While we waited for the news we made the most of our last year at Princethorpe.

We had Subbuteo tournaments in class, refereed by Mr Fisher.

We learnt to type on the new computer.

I bought my first music single on vinyl – Tiffany’s ‘I think we’re alone now’.  Bros are popular but I don’t fall for them, it’s not until a year later when New Kids On The Block hit the UK that I get sucked into being a screaming fan of a boy band!

I fell in love with Vampires for the first time, and Corey Haim when I watched ‘The Lost Boys’ – it was rated 15 so I was lucky to get to see it! Hehe.

The cartoon Teenage Mutant Ninja Turtles hit our screens…

Crossroads ended – the TV soap opera based in a motel near Birmingham (our local TV show! Yay! but boo that it ended – well maybe not, it wasn’t a very good show!)

We all start to watch ‘Neighbours’ on TV as it is now on when we get home from school – here we fall in love with Kylie Minogue and Jason Donovan. Other TV shows kids watch are Top of the Pops, Grange Hill, Newsround and Blue Peter.

Kylie Minogue sang ‘I Should be so Lucky’ and we all wanted to be like her because she gets to kiss Jason Donovan. Yes, we aren’t even teenagers yet and we are already thinking about kissing boys!!

But mainly we are still children, my play out in the street on our bicycles until we are called in for ‘tea’ (evening meal). The lucky ones have a Nintendo Games System and Cabbage Patch Dolls, the rest of us have to wait for these a while longer, money is tight our families are not well off and several of us are living through our parents getting divorced.

Finally the big day arrives, our letters informing us which school we will be going to drop through our front doors…

The good news, me and all my friends are going to Hillcrest – Yay!

The bad news, we have to go to the school for an ‘induction’ day where we will find out which classes we are going to be in that September – on that day I discover I’m not going to be in the same class as my best friends. :(

Hillcrest is an all girls school, so we say goodbye once and for all to the boys in our class – we won’t miss them, they are just silly boys who play football anyway (we say to ourselves unconvincingly).

Summer Holidays come and go without an actual holiday (vacation) a few day trips to places like Weston -Super-Mare (Spain for Brummies) and Drayton Manor Park on long hot smelly coach journeys that make me travel sick.

Summer days at ‘The Square Club’ summer playscheme doing arts and crafts and making up dance routines to Yazz ‘The Only Way is Up’ and listening to the older girls talking about kissing boys.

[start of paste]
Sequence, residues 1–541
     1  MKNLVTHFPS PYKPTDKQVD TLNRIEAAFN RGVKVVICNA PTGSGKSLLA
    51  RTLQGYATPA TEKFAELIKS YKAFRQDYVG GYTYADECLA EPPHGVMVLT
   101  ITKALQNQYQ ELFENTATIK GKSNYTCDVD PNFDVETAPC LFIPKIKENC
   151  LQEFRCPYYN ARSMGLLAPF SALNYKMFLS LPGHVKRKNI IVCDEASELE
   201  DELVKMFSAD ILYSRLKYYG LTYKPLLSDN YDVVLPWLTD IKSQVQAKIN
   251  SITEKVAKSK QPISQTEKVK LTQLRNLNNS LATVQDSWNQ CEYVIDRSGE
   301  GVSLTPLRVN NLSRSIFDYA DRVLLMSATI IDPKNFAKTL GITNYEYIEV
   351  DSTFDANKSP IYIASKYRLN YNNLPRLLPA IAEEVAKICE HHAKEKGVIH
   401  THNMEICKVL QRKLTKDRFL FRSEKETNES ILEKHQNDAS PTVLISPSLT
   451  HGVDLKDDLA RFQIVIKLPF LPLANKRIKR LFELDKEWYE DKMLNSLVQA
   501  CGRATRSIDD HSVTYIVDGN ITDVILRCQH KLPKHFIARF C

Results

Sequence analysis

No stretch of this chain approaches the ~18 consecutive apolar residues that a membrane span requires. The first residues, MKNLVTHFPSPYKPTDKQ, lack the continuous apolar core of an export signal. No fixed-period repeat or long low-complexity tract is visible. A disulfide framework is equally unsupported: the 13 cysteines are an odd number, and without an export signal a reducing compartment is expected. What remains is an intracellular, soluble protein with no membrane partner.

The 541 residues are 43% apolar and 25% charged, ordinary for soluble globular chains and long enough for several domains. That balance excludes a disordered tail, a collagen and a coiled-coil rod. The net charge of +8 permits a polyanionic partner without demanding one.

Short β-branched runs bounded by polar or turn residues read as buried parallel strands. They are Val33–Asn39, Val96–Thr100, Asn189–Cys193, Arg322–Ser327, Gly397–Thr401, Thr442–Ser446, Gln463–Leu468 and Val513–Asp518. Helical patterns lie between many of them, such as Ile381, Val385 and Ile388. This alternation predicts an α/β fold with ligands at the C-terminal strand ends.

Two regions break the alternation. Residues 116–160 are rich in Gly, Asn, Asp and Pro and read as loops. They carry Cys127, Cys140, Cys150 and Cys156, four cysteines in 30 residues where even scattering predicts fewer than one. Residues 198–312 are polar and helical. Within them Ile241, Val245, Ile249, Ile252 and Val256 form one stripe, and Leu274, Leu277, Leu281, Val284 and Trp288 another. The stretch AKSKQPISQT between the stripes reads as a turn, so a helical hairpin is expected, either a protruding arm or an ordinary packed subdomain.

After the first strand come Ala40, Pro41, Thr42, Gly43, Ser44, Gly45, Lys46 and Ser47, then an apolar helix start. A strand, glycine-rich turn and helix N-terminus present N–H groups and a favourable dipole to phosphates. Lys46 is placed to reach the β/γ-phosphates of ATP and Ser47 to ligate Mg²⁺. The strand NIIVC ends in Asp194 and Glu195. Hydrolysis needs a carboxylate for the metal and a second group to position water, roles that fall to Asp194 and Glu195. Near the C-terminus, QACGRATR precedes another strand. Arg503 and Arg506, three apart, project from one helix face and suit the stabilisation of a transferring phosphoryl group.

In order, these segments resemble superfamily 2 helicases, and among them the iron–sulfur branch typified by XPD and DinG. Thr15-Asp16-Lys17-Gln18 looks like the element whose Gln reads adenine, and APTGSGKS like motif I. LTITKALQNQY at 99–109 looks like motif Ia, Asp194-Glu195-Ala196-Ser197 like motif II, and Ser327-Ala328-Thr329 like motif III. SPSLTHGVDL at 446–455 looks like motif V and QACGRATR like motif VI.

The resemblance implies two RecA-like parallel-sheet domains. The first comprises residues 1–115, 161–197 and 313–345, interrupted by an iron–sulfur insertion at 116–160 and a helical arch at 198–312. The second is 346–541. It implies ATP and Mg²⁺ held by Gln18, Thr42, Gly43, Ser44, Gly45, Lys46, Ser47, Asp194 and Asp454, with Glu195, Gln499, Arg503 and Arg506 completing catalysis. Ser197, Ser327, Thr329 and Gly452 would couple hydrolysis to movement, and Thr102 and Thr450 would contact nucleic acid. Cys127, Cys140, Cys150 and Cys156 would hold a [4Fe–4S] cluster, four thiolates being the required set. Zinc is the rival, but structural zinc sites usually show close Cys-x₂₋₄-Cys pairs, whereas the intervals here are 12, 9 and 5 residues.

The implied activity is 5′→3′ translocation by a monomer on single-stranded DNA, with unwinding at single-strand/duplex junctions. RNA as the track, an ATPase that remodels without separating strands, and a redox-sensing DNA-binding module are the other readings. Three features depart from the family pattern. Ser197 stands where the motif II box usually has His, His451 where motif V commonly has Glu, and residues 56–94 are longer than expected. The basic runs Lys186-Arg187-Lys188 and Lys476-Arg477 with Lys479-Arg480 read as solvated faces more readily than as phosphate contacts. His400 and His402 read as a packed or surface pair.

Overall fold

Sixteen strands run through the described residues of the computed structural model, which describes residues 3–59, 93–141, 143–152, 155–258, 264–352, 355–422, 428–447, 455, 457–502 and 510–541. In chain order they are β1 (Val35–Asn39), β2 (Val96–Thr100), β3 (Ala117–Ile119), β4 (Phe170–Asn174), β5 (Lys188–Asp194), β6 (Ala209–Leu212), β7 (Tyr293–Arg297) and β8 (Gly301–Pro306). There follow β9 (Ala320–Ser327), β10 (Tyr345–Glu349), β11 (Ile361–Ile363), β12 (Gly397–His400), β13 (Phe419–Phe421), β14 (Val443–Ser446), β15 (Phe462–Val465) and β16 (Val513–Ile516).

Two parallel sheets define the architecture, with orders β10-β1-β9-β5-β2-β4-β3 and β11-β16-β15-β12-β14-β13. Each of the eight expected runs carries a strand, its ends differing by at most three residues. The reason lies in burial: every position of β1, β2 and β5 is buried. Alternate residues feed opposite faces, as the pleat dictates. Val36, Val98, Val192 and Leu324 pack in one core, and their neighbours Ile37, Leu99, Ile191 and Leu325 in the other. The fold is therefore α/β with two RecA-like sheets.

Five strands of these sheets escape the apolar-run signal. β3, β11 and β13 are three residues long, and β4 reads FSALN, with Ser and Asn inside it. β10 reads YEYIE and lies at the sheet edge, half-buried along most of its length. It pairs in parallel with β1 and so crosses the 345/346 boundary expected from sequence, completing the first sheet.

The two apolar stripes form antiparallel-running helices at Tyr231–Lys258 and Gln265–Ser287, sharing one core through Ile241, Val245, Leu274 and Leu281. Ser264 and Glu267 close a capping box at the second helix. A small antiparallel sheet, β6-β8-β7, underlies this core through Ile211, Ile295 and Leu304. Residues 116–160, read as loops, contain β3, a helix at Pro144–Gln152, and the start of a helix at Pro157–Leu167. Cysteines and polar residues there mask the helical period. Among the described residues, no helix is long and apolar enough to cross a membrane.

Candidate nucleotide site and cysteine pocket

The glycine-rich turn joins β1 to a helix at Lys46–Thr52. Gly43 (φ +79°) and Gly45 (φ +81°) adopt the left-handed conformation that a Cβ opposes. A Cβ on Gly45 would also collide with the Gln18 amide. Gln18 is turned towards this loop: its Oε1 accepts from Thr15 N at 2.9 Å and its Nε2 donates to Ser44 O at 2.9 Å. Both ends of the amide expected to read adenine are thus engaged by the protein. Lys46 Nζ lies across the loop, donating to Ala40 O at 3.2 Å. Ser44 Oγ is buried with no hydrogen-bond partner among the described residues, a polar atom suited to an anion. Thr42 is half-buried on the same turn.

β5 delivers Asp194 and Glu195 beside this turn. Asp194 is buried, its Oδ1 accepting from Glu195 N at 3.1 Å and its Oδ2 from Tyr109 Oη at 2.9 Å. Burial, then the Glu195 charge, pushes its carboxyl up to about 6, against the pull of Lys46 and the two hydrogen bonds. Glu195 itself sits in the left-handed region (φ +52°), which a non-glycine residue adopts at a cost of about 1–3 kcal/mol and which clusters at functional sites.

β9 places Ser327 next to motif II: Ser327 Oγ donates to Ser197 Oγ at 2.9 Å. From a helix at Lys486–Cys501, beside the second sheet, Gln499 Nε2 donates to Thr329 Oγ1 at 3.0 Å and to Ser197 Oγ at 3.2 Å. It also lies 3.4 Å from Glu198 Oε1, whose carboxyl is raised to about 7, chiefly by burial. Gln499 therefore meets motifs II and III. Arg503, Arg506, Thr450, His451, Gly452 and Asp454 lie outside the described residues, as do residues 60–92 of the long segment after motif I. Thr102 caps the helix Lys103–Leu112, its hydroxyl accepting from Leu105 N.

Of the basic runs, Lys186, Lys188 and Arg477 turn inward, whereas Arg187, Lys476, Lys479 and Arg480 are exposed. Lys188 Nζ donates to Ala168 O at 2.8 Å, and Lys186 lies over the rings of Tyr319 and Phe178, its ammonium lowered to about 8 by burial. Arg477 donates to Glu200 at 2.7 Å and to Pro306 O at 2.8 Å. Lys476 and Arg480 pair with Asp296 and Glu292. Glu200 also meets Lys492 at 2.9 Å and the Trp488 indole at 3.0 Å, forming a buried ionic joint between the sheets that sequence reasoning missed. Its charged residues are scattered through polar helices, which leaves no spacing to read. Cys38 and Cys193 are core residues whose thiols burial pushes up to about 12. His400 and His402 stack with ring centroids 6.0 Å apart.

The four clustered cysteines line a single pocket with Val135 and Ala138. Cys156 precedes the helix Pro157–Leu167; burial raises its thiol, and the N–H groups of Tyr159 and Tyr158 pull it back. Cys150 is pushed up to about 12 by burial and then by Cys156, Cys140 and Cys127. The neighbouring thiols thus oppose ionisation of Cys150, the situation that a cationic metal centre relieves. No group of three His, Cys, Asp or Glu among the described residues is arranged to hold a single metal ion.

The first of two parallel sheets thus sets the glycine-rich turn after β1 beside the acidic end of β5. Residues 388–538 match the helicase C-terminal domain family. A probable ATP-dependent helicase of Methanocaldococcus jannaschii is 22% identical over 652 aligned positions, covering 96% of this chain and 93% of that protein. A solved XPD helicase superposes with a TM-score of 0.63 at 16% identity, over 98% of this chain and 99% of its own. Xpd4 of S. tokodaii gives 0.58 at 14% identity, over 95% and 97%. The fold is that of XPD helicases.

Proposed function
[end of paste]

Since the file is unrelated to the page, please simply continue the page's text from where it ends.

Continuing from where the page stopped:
I was a girl guide…

(me with my dog Lucky)

Then all too soon (funny how six weeks flies when you are a kid!) we don our uniforms for the first time and head off to the ‘Big School’ – a bus journey from home that costs 6 pence, rather than the walk round the corner to Princethorpe.

I hate it, very quickly, hate, hate, hate it. I’m not with my friends, I’m the smallest girl in my class, and I’m struggling to make new friends and being bullied. The only thing I like is the lessons – we get to do Languages (German for me) and Geography now.

I get moved into my best friend Sarah’s class, but she has already started making new friends, as has our other friend Claire who is in this class. So I’m no better off here. Not long later I move class again – 3 classes in my first year, not good!

But now at least I make some friends, a girl from my old school who was in the other class (there were 2 classes in primary school, but now there are 6 classes in each year group)takes me under her wing, Lindsay – and we are still friends now, in fact she is my best friend!

(Me and Lindsay in 2011)

That was my 1988, what I remember of it.

What was 1988 like for you?

Was it an important transitional year, or was it just like any other year?

Sharon Howard

A 30-something, mom of two teenagers, blogger, writer, artist, part-time carer, part-time student, BPD sufferer… jack of all  trades… Always ready for a new challenge.

Day in the life of a Busy Gal – http://showard76.wordpress.com

The First Time I Got Drunk – A Parable


Seems an odd thing to blog about, I know.  However… this incident happened in the 80’s and plays a big part in who I am.  Rather than sit here and regurgitate 80’s crap you are already familiar with like: stickers, video games and Madonna (and we 80’s heads love all these things!) I thought I’d share a bit of personal nostalgia.

Sharon Howard will be guest blogging here on The Great 80’s soon.  Stay tuned for that.  Her blog is awesome for a  lot of reasons.  Two of them being: She writes and lives in England! :D  Her guest blog will reflect on growing up 80’s in England.  I am looking forward to hearing all about it.

Now, on with the show!

Rational people usually learn that if they do something (A) and it turns out a not so pleasant experience (B), then (A) no longer fits in their lifestyle because (B) is no fun.  Right?